New US Army Ground Station Requirement for TITAN

The Tactical Intelligence Targeting Access Node (TITAN), part of the fledgling Battle Management Command and Communication program, is looking to industry to develop new ground station platforms. Army noted that some of their current ground stations are not fit for purpose; “They’re not necessarily tailorable, easy to use or expeditionary as we want them to be.”

Platforms currently include the Light-Mobile Command Post, a range of TITAN equipped light vehicles including HMMWVs and Polaris MRZRs, and the containerized Expeditionary Command Post. Based on briefing slides, the Army appears however to be looking to a TITAN equipped JLTV ground station. There is currently some 101 tactical-level ground stations and 13 operational-level ground stations along with “a smattering of other dissemination vehicles that do everything”. Not all of these disparate ground stations can communicate, which is a key requirement for the new integrated ground stations.

TITAN is a system of integrating and providing real-time targeting information from a wide range of intelligence and targeting nodes. These include both organic Army ISR platforms and a range of space-based sensors or in the words of the Army; “space and high altitude, aerial, and terrestrial layer sensors”. TITAN Space, linking those inputs from military, intelligence community and commercial space based platforms, is expected to debut in 2022.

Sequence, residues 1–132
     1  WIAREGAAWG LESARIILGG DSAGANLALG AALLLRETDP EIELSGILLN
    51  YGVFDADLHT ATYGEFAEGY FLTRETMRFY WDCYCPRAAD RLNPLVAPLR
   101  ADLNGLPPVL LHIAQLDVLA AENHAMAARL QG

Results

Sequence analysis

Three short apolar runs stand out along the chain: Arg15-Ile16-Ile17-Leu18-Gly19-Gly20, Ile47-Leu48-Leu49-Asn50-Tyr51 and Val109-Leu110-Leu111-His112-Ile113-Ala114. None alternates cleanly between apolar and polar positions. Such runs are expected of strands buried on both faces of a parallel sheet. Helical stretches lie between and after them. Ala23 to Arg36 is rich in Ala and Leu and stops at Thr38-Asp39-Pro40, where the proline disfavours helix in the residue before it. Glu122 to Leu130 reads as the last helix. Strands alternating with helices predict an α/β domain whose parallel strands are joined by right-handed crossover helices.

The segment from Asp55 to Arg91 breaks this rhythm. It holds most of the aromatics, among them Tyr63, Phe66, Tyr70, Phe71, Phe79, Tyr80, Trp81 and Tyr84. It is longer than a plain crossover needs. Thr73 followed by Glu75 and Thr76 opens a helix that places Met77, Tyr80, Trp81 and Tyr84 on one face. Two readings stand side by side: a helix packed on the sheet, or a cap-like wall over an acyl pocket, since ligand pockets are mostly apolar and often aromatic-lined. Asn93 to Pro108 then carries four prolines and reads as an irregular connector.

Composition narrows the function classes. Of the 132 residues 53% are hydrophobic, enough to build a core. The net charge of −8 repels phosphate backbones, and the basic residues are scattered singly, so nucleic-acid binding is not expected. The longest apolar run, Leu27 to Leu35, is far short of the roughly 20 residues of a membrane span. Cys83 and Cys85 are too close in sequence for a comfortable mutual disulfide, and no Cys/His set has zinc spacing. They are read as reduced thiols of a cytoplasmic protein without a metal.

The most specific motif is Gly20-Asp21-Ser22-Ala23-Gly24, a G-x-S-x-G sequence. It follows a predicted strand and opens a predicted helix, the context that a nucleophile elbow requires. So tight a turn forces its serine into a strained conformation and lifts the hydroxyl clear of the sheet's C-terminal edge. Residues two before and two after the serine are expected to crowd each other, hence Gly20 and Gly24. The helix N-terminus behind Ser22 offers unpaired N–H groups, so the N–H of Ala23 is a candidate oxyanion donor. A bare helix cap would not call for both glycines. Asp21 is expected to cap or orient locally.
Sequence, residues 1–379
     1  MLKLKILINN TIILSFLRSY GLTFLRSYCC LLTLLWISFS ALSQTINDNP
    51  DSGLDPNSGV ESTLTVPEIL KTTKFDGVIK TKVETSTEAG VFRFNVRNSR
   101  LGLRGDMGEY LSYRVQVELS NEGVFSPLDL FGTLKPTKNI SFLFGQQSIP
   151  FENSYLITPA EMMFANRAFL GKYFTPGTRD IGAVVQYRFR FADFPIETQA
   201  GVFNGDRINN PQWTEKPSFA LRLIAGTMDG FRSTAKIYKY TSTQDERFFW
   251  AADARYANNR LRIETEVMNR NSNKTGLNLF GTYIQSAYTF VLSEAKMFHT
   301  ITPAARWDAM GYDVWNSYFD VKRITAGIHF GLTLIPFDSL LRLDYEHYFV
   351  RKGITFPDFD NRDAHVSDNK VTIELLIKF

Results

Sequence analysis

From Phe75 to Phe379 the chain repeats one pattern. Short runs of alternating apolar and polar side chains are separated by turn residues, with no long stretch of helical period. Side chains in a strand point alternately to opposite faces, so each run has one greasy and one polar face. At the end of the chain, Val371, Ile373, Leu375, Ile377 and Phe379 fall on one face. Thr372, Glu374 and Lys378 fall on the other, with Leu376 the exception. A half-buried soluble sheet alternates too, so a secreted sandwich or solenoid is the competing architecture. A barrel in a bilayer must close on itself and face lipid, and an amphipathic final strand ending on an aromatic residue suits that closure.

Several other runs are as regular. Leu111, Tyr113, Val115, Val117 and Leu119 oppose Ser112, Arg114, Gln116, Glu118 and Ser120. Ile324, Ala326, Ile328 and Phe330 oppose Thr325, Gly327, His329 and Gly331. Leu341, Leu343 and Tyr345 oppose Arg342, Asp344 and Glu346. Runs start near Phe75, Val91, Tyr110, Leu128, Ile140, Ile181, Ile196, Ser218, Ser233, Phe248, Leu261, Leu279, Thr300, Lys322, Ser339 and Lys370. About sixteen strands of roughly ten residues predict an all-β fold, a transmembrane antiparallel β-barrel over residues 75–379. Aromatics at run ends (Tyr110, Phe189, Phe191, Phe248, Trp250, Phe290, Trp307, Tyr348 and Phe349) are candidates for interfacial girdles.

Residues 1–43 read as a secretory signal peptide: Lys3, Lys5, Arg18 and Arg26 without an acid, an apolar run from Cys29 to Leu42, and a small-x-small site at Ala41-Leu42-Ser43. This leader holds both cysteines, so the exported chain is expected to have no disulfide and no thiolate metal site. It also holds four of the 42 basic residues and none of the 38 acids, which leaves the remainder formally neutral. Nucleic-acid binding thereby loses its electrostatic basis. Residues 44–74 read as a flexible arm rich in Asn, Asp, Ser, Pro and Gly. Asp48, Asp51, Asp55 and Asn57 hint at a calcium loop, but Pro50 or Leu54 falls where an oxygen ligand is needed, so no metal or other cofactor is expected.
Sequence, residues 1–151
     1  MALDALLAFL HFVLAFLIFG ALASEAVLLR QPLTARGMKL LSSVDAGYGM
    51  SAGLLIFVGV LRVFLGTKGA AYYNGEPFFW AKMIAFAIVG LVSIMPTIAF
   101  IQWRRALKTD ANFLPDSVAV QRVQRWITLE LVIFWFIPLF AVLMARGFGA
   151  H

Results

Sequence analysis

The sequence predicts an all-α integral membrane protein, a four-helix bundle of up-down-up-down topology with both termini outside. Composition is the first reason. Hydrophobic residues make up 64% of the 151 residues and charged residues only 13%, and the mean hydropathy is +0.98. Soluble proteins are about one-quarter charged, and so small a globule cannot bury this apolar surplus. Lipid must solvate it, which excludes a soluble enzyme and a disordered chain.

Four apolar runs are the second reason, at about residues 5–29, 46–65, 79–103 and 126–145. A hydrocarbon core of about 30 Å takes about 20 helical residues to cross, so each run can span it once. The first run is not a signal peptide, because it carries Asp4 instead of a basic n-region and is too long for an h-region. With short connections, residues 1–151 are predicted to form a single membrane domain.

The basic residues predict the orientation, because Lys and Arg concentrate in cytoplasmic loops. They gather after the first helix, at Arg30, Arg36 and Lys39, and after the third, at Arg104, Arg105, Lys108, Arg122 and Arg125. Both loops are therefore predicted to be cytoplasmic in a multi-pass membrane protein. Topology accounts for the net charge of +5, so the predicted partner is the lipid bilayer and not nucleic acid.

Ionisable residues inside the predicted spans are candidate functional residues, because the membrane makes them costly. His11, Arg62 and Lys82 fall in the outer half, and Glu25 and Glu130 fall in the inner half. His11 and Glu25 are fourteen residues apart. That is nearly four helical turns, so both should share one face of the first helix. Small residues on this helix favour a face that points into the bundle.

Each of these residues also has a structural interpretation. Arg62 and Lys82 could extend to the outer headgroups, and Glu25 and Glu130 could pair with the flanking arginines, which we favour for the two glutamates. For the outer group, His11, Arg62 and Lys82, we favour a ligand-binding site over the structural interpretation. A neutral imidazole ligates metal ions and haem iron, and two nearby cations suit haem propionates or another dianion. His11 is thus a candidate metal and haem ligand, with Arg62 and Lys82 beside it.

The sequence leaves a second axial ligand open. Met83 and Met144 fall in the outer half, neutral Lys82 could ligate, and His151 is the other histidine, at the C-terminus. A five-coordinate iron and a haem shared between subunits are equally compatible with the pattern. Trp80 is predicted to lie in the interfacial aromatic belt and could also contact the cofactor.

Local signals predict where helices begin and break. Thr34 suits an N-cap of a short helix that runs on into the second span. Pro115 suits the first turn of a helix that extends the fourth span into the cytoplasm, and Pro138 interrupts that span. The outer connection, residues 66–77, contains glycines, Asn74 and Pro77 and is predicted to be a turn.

Artillery forward observer team (Courtesy US Army)

The aim is to support both accurate and timely long range precision fires (LRPF) from Army indirect fire systems for the anti-access/aerial denial (A2/AD) mission and to improve situational awareness for battlefield command and control (C2); “It’s leveraging both commercial and military capabilities to be able to provide eyes and ears on the battlefield for our soldiers and our platforms.”

The C2 functionality is based on the existing Blue Force Tracker network but significantly enhanced; “TITAN users can pull up maps, view multiple global locations, and color-code their soldiers’ locations. “It enables chat, messaging, sending attachments, filing situation reports, and creating distribution lists,” explained Flora Marshall of the Mission Command Support Center earlier this year.

The system will be trialed next year by the US Army’s Multi-Domain Task Force during Defender-Europe 20, a NATO exercise that includes some 37,000 NATO troops, the largest since the Cold War. The A2/AD mission is seen as critical in any future peer conflict with Russia.